- Other Evidence: Depending on the circumstances of your case, the adjuster might use surveillance footage, black box data, photos of the accident scene, and other evidence to determine liability.
2. How Does Shared Liability Affect Car Accident Settlements?
The answer to this question depends on the state where the crash occurred. California is a pure comparative negligence state, which means damages in car accident claims are reduced by the claimant’s own percentage of fault. Even if you were primarily responsible for the crash, you may still be able to recover compensation, but again, your damages will be reduced by your own percentage of fault.
For example, let’s say you were rear-ended while stopped at a red light. The driver of the other vehicle was texting behind the wheel, but your brake lights were out. In this scenario, the insurance adjuster might conclude that you were 20% liable for the accident since you have a legal duty to perform reasonable maintenance on your vehicle, and that involves making sure your brake lights are working. If you incurred $100,000 in damages, you would be able to recover up to $80,000.
In some cases, there are multiple defendants who share liability. For instance, let’s assume you were a passenger and your driver made an illegal turn. Your vehicle was then hit by another car that was speeding. In this scenario, you might have grounds for a claim against both drivers, and each driver’s insurance would be responsible for covering the percentage of your damages that corresponds to their policyholder’s percentage of fault.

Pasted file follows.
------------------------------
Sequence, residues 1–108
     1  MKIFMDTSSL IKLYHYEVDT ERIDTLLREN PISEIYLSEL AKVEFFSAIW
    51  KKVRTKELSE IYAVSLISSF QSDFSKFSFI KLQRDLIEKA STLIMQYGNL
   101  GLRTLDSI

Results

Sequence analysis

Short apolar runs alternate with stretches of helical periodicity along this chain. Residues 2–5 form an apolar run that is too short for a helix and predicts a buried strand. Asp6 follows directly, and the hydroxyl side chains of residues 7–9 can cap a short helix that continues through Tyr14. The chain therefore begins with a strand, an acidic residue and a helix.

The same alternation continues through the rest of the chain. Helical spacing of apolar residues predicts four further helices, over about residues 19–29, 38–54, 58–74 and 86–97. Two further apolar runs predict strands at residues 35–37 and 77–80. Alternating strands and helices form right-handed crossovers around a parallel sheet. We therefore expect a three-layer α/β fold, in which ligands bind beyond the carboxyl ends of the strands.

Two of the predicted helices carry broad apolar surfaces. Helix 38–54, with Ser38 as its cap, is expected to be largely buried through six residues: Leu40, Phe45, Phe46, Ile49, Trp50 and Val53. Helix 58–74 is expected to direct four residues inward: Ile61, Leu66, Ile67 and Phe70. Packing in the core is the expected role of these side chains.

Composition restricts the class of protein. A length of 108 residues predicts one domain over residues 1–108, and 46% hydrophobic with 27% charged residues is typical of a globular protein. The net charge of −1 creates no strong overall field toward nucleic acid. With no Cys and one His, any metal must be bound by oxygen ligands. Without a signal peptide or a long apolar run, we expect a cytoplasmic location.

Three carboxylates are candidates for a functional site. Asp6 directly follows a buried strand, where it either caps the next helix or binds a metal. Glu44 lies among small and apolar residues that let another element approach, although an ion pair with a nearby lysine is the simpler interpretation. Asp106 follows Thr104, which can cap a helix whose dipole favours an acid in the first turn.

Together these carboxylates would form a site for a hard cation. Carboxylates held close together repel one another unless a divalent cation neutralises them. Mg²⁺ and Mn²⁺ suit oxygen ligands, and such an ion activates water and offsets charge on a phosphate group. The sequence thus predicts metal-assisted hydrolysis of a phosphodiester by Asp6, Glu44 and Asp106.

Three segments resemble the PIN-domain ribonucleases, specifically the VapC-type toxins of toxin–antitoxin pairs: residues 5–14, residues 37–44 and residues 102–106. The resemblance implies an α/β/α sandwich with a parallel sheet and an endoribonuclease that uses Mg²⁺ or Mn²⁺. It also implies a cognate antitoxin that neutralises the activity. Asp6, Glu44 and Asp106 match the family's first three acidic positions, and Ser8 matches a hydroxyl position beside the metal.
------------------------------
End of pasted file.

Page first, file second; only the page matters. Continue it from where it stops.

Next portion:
3. How Can an Attorney Help After a Car Accident Involving Shared Liability?
Being found partially liable for a crash can be financially devastating if you incurred significant medical bills, lost income, and other damages. However, just because the insurance company says that you were partially liable doesn’t mean you have to accept their finding.
It is always wise to consult a personal injury lawyer to help you determine what a fair settlement might look like. This is especially true in cases involving shared liability. Your lawyer may be able to help by:
- Determining whether you were in fact partially liable for the crash;
- Making sure your claim accounts for all medical bills, lost income, future damages, and non-economic damages;
- Determining what percentage of fault would be fair given the facts of your case;
- Identifying all potential avenues for pursuing compensation; and
- Handling all correspondence with the insurance company so you don’t inadvertently admit fault or make other mistakes that would compromise your case.
Speak with a Long Beach Car Accident Lawyer Today: Call (562) 206-1939
Your Injuries Are Personal to Me
If you were hurt or lost a member of your family in a car accident, turn to the Law Office of Michael D. Waks for representation. Attorney Michael Waks can help you take the necessary steps to reduce the likelihood of a liability dispute, and if one does arise, he can aggressively represent your interests during negotiations.
Michael Waks has more than 30 years of experience representing the injured. Schedule a free consultation today by calling (562) 206-1939, or use our Contact Form to reach us online.
Stay Prepared with Our Car Accident Emergency .PDF
Even the safest drivers are not immune to collisions. No matter how diligent you are behind the wheel, it is important that you take steps to protect your legal rights and financial wellbeing. Our Car Accident Emergency .PDF was designed to help drivers take the right steps and gather essential evidence at the scene. Click Here to download the .pdf, and keep it in your glovebox so you’re always prepared for the worst-case scenario.